Sunday, June 06, 2010

Taken, Blessed, Broken, Given

Many years ago, when I was a new Catholic or about to become one, I was impressed one day in prayer with this series of words: taken, blessed, broken, given. To Catholics it is somewhat obvious that these words have strong Eucharistic overtones. I was really new to Eucharistic spirituality at the time. Yet I understood that God meant these words to somehow apply to my life. As I meditated on them, I could readily identify how God had "taken" me: He had intervened in my life, He had called me, He had claimed me as His own. I could see that. I could also see how God had blessed me. I saw His favor poured out on me in many ways, through friends and material blessings, favorable circumstances, and His faithful, providential care that all didn't have to be that way. I also was quite aware of being broken. In fact, that's what I was most aware of at the time. Now I would phrase it that I was becoming aware of my need for God. Some of that had to do with trusting in Him more than in the blessings He'd given me. I was in a transition time: leaving the church where I felt secure and going to where He called. It was a time where trust was all I had to go on. God was still faithful, but it was scarier than I was used to.

I remember telling this to my spiritual director. My sense was that I had been taken, blessed, and broken, but I couldn't bear to just stop there. The dynamism of the whole thing pointed to the last word... given. What I didn't know, though, was what that exactly meant. I mean, I knew what the word meant, and I knew it meant that what God did in me would go out from me to others. But I didn't know that I knew that I knew what it was from experience. In fact, I knew I didn't know from experience.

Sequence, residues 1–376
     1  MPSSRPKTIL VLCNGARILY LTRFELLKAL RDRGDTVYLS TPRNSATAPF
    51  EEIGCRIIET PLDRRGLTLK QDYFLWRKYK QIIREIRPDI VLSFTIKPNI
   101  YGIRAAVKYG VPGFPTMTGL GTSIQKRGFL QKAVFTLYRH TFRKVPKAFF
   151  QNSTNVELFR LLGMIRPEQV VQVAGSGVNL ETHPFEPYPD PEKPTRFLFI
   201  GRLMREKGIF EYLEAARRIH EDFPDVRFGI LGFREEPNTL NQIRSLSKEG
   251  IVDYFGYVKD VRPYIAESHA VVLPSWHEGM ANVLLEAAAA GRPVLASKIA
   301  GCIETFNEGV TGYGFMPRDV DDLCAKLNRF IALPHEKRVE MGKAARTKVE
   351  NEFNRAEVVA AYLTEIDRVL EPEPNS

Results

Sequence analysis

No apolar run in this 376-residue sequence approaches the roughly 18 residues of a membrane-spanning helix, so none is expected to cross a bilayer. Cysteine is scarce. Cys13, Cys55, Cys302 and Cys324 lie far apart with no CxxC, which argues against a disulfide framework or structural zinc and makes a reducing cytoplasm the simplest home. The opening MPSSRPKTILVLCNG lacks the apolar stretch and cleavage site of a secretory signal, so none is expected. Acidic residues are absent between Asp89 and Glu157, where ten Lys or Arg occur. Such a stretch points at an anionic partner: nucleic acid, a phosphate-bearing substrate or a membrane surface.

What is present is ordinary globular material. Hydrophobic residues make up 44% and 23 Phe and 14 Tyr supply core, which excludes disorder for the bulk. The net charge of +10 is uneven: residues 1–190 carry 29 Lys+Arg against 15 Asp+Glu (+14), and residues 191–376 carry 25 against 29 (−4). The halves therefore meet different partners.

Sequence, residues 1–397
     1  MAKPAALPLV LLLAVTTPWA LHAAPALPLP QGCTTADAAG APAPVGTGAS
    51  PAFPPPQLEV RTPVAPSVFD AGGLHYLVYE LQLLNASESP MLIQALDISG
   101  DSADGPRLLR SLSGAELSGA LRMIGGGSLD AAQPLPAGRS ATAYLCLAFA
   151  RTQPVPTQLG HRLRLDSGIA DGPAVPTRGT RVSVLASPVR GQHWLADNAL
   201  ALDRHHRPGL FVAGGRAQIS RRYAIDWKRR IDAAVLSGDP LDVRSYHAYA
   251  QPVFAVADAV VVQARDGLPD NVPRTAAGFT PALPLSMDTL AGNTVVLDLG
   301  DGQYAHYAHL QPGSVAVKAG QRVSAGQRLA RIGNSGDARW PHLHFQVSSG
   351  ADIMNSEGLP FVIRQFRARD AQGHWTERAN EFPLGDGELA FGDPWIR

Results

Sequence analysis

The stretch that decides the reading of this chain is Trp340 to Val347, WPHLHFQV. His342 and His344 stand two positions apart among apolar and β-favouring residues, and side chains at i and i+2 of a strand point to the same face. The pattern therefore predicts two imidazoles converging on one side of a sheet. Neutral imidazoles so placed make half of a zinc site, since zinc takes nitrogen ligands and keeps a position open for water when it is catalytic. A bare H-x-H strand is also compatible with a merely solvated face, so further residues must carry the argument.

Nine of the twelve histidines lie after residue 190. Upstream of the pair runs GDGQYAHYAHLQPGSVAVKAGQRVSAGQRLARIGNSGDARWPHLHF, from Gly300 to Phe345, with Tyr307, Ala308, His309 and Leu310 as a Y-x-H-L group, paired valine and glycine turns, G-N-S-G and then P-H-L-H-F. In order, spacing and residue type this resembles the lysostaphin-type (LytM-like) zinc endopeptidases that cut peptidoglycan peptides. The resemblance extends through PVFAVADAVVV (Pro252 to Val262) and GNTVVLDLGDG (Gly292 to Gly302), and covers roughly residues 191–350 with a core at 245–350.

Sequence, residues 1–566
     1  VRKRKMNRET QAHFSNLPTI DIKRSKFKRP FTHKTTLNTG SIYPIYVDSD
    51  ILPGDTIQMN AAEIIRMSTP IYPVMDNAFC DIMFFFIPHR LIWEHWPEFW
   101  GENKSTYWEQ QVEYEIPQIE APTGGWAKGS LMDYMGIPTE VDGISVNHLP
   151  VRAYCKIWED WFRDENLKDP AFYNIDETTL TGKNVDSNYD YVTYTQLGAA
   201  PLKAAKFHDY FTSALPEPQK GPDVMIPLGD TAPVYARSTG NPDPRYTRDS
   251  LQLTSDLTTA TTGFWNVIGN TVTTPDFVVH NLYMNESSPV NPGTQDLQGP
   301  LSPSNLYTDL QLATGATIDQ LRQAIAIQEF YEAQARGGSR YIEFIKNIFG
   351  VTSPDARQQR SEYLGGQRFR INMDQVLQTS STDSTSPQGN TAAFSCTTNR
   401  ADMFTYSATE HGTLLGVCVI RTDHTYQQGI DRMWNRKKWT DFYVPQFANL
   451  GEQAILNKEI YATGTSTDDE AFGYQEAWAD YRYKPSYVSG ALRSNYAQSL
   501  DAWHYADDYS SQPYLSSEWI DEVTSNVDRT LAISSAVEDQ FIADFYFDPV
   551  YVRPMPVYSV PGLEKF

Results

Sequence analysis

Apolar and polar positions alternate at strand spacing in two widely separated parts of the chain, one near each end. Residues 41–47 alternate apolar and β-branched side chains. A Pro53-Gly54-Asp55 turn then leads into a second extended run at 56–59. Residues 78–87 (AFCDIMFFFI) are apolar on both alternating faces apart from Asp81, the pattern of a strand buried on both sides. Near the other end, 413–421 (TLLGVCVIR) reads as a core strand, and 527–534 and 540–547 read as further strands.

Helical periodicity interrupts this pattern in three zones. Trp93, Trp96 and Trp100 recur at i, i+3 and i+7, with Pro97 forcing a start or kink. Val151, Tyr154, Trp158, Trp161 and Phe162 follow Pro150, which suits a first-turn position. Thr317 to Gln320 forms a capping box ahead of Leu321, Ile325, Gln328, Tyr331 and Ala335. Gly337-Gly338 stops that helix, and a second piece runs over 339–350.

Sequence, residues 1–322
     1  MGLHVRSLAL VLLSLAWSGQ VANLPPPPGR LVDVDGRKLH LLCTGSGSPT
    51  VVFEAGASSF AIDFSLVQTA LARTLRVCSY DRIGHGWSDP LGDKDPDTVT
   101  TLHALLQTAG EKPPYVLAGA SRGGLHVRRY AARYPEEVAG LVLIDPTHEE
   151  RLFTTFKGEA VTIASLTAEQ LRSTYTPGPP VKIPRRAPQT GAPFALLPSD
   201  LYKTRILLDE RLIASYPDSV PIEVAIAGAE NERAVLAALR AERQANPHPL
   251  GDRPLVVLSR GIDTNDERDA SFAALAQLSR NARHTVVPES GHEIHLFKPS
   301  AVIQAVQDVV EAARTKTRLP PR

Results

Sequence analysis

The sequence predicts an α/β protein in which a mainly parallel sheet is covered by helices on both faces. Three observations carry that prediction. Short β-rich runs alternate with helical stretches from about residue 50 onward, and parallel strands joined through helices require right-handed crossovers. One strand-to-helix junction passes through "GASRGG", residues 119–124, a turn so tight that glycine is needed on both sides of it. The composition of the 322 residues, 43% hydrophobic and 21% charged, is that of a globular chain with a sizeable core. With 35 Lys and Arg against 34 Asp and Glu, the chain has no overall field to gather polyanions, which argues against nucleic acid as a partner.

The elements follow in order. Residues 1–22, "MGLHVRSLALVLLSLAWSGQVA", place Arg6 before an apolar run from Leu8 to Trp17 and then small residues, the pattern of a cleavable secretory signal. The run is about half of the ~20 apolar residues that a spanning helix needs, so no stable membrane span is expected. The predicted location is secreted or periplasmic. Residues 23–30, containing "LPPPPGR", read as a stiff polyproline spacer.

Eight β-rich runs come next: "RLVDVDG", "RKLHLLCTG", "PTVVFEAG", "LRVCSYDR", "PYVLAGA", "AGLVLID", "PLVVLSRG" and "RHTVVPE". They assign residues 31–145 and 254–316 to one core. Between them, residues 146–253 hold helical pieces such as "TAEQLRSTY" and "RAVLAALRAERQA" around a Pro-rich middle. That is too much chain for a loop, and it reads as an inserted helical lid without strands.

Today, the whole thing became clear and simple. I think this is how God converses with us (me, at least): suddenly, it all becomes simple. It is the feast of Corpus Christi, The Body and Blood of Christ. It was our last choir Mass of the season (I can't stand it when people say "year" when it is June and we'll sing again in three months. We are not in school!) At some point during the Mass, can't even say when it happened, I realized that I knew what it is to be "given" in this Eucharistic sense, and therefore, what all the rest means and is for as well: it means simply to love. I am taken up by God's love, I am blessed by God's love, yes I am broken by God's love so that I can be given in God's love to someone else, as love -- as God's love, to restart the cycle in them. And I know that I know that I know this from experience.

Simple, but profound.

As if to solidify this thought in my mind, a friend of mine posted this article on Facebook: A Requiem for Friendship. It is a bit long and circuitous, but it discusses how the cultural acceptance of open expression of homosexuality among men has caused boys problems when it comes to forming or expressing ardent bonds of friendship among themselves. The point can be expanded to embrace friendship-love in any context, and I would contend that it isn't necessarily only homosexuality but the sexualization of society in general which causes us problems. And, I contend, in Christian culture, we sometimes get this reactionary "luv" about which there is nothing human nor ardent nor Christlike. Everyone luvs each other. But my question is, will you die for me? Will you suffer for me? If not, keep your luv, and buy a puppy or some other object that makes you feel happy now and then.

The love God calls us to is not about enjoyment or happy feelings. It's not about eroticism either. It is about expressing an ardent desire for the other to know the fullness of God's gift, and going to the point of my willingness to sacrifice, to suffer, to die to make it so. Not so that I can admire what a great martyr I am, but given, freely.

Just as Christ gives Himself to me.

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